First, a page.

Block on Trump's Asylum Ban Upheld by Supreme Court
Gawker, the audacious upstart media company that lost a privacy trial to Hulk Hogan in Florida recently, is paying heavily for its audacity. Today it formally filed for bankruptcy and is entertaining offers from prospective buyers, reports Recode.
But don't wave goodbye to Gawker yet, as it is still a feisty company, and this is not clearly a sign of defeat. In fact it's a sign of more fight. Although it announced its intention to file for Chapter 11, the company's owner Nick Denton said that he intends to continue to publish and to fight the legal battle against Hulk Hogan, sponsored by billionaire Peter Thiel.
Gawker's announcement today is seen as part of a strategy to avoid paying the $140 million judgment owed to Hulk Hogan after a jury found the company guilty of invading his privacy by publishing a 2012 sex tape, reports Recode. But it intends to fight Hogan and, much more importantly, his legal sponsor, a certain tech billionaire who doesn't like Gawker's particular brand of disruption.
Peter Thiel, a billionaire who co-founded PayPal and got in early on Facebook, has a problem with Gawker. He doesn't like it. He sponsored the Hogan case, calling it "one of my greater philanthropic things that I've done."
Thiel's distaste for the media company is well documented and his determination to bring it down is, too. But the billionaire swears this is not a personal vendetta stemming from a now-defunct Gawker blog outing him as a homosexual. He recently told The New York Times in an interview, "It's less about revenge and more about specific deterrence. I saw Gawker pioneer a unique and incredibly damaging way of getting attention by bullying people even when there was no connection with the public interest."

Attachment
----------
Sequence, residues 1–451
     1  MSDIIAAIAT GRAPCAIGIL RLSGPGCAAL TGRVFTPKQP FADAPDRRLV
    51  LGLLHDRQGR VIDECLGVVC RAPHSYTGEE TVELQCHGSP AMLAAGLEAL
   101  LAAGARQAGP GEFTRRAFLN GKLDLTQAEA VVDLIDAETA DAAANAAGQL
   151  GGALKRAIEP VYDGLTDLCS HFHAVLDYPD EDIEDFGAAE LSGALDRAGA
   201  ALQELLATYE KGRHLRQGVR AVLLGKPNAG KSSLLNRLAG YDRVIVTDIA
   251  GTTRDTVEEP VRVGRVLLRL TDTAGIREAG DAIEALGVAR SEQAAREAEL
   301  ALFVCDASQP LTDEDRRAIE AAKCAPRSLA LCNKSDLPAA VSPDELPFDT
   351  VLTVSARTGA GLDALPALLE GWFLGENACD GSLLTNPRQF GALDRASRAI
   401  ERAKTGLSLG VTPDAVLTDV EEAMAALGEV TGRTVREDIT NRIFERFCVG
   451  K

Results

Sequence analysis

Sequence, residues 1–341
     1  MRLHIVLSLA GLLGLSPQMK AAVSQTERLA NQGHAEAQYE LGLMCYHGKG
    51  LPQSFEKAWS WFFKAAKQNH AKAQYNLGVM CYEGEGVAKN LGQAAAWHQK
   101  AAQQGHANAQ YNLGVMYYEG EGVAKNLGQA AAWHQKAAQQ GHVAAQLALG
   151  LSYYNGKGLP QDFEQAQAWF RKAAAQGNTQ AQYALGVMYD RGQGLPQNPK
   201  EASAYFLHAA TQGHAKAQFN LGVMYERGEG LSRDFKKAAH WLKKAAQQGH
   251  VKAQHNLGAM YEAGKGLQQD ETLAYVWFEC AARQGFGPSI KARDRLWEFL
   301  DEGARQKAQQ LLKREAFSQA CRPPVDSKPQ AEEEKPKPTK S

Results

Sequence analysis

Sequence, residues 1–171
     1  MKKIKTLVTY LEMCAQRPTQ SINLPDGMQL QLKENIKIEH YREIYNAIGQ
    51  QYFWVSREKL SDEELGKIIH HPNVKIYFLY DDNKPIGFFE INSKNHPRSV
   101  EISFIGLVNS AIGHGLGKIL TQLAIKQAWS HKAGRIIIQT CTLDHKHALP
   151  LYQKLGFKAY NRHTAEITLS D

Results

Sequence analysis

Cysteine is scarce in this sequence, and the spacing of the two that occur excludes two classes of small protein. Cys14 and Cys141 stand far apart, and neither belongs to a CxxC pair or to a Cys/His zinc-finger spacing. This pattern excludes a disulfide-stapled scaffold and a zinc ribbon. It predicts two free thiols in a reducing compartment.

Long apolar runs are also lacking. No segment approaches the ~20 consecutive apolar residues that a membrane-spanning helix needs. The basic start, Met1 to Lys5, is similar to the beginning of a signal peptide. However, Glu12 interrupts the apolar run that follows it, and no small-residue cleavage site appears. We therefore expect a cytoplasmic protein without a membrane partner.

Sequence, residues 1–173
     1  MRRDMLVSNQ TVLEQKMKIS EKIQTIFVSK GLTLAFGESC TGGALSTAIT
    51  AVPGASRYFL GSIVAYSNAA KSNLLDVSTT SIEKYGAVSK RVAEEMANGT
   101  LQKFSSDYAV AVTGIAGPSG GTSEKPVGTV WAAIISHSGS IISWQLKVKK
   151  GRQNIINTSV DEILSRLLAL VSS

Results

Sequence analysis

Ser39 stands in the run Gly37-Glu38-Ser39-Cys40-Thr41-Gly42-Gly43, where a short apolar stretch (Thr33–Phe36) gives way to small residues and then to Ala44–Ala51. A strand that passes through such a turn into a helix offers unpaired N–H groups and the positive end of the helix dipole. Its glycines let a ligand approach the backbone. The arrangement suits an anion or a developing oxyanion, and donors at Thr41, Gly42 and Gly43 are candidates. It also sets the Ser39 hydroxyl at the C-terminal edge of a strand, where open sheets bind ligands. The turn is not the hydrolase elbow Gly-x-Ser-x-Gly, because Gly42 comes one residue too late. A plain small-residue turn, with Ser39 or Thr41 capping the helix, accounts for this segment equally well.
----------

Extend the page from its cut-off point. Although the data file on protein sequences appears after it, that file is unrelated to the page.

Resurrection for Gawker
This week Gawker told it employees it still plans to fight the Thiel/Hogan case and to operate its publishing business, which includes popular blogs like Jezebel and Gizmodo. The company is also now formally entertaining offers for its purchase, including one from publisher Ziff Davis.
The Wall Street Journal reports that the Ziff Davis bid for Gawker, at $90 million, will start the auction for the company. Gawker said it has arranged a bankruptcy loan of $20 million to remain in business during the transition.
In a memo to employees, Ziff Davis CEO Vivek Shah revealed an "asset purchase agreement" to buy seven Gawker titles, as there is a "tremendous fit between the two organizations." Interestingly, Ziff Davis, now a tech-centric digital publisher, was in bankruptcy proceedings itself less than a decade ago.
In 2008, the trade and hobbyist print magazine business was failing. Today Ziff Davis is doing well enough to offer to buy Gawker, a recovery story which is hopeful for the upstart publisher that everyone loves to hate ... and to read.
Follow FindLaw for Consumers on Google+.